The statute making the federal exemptions unavailable also amended Tennessee's general personal property exemption statute. Before the amendment the statute allowed debtors to exempt "personal property to the aggregate value of . . . ($2500)". Tenn.Code Ann. § 26-202 (Cum.Supp.1979). The amendment changed the amount to $4000. More significantly it added the words "debtor's equity interest" after the amount. Tenn.Code Ann. § 26-202 (Supp. 1980).

By "debtor's equity interest" the legislature apparently meant the value of the property above consensual (contractual) lien debts.1 The court does not think the legislature meant value above consensual and judicial lien debts since the exemption is from taking by legal process.2 Inclusion of judicial liens would destroy the exemption. In limiting the exemption to the debtor's equity, the legislature was apparently trying to circumvent the lien avoidance power in § 522(f) by turning its wording against it.

The argument depends on the requirement of § 522(f) that the security interest "impair an exemption to which the debtor would have been entitled". The argument is that the security interest does not impair an exemption to which the debtor would have been entitled because the debtor could claim an exemption only in equity, the value of the property above the secured debt.

The common sense reading of § 522(f) is that a debtor may avoid a security interest in property that the debtor could exempt if the security interest did not exist. The security interest is avoided to the extent required to allow the exemption which the debtor could claim if the security interest did not exist. In other words, § 522(f) is meant to create equity equal to the amount that could be exempted if the security interest did not exist. Cf. In re Boteler, 5 B.R. 408, 6 B.C.D. 798 (Bkrtcy.S.D.Ala.1980) (Day v. Boteler).3 The Tennessee statute attempts to prevent that by defining property subject to exemption as property already free of security interests.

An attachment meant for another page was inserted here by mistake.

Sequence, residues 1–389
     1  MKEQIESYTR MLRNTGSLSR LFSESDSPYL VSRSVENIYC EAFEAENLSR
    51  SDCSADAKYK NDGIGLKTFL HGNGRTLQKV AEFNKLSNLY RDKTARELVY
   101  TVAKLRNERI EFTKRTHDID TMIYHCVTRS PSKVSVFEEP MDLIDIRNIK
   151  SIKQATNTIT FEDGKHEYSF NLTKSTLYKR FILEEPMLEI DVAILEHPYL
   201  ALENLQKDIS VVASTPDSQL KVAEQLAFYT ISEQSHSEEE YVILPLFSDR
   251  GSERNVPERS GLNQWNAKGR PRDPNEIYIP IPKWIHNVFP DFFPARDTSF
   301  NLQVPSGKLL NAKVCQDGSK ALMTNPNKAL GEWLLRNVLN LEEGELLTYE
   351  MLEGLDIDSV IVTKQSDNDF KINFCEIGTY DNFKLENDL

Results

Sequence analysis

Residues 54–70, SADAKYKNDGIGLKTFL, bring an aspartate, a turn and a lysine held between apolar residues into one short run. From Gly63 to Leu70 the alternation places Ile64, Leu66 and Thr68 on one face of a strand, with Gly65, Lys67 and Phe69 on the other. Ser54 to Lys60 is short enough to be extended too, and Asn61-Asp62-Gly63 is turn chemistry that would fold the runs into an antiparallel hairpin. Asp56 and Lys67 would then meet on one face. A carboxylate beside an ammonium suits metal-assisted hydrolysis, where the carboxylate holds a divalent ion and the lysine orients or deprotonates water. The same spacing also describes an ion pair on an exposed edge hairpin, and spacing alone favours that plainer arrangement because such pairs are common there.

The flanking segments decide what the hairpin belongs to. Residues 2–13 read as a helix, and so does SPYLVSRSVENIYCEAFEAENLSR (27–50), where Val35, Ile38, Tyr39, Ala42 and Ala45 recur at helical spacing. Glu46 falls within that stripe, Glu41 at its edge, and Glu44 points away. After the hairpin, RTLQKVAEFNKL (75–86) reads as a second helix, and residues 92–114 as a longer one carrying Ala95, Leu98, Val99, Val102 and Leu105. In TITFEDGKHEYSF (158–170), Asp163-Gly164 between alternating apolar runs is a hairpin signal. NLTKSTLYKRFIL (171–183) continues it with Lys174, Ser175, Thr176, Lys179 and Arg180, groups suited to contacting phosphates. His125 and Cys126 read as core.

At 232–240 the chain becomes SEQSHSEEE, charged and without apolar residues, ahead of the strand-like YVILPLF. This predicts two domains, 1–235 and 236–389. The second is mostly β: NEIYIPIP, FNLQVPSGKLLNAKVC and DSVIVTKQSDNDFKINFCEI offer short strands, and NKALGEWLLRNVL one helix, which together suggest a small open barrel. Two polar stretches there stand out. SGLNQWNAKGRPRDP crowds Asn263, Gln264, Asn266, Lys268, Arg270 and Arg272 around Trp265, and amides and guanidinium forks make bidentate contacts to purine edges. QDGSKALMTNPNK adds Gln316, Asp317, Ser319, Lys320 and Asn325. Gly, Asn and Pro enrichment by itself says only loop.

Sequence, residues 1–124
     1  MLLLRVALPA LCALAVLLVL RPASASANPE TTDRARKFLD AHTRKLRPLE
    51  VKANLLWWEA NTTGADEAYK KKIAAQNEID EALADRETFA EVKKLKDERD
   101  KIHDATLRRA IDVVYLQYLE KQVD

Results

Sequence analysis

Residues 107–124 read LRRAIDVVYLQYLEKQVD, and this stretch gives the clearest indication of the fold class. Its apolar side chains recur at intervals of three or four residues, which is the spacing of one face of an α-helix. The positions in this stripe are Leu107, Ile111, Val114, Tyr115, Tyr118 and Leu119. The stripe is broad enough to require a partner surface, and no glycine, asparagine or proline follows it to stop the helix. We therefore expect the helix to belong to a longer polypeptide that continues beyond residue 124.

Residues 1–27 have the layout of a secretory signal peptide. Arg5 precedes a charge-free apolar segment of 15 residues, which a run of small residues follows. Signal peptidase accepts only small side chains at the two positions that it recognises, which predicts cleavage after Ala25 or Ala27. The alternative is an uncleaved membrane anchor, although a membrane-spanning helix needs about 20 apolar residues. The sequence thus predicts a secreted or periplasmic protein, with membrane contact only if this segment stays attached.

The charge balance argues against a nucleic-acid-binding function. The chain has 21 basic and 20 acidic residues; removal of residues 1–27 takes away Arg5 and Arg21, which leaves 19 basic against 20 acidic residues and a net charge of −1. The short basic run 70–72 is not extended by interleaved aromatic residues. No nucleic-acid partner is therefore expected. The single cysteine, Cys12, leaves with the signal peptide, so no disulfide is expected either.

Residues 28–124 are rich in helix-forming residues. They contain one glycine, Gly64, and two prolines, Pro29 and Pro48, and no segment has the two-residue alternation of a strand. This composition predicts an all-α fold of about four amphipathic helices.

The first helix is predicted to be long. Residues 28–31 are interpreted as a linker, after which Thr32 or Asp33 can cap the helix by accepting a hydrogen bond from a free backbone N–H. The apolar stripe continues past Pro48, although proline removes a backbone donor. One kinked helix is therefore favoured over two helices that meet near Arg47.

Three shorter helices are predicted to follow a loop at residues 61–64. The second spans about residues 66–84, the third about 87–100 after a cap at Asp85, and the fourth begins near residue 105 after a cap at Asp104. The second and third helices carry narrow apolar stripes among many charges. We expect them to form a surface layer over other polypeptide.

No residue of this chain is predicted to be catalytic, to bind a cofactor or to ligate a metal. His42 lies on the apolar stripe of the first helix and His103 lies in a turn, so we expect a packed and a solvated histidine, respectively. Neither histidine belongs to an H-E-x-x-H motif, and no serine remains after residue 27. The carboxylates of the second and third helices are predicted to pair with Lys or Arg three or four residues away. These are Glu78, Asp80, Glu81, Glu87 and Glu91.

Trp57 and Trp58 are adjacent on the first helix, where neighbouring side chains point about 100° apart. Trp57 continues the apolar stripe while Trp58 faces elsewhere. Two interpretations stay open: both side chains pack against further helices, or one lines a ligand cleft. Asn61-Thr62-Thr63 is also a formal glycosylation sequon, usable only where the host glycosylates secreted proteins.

The argument has technical merit only if prior law is ignored. By adding the words "debtor's equity interest", the legislature made no change in the law as to exemptions in mortgaged personal property. The words are at best a clarification of prior decisions. Before the amendment the exemption statute was an exemption from legal process. It could not have been an exemption from liens attached to property by contract with a creditor. Mutual Loan & Thrift Corp. v. Corn, 182 Tenn. 554, 188 S.W.2d 345 (1945); Mynatt v. Magill, 71 Tenn. 72 (1879); Cronan v. Honor, 57 Tenn. 533 (1873); Rison v. T.W. Wilkerson & Co., 35 Tenn. 565 (1856).

Consider a situation in which bankruptcy is not involved. The debtor has personal property worth $6000 but subject to a $4000 security interest. Another creditor obtains a judgment against the debtor for $1000. To protect the property the debtor claims his exemption. That has no effect on the $4000 secured debt. The property remains liable for it. But the $2000 equity is exempted from being taken to satisfy the $1000 judgment debt. In other words, the exemption is of the debtor's equity in the property. That was the law in Tennessee before the legislature added "debtor's equity interest" to the statute. Thus the addition made no change in Tennessee law as to exemptions in personal property subject to security interests.4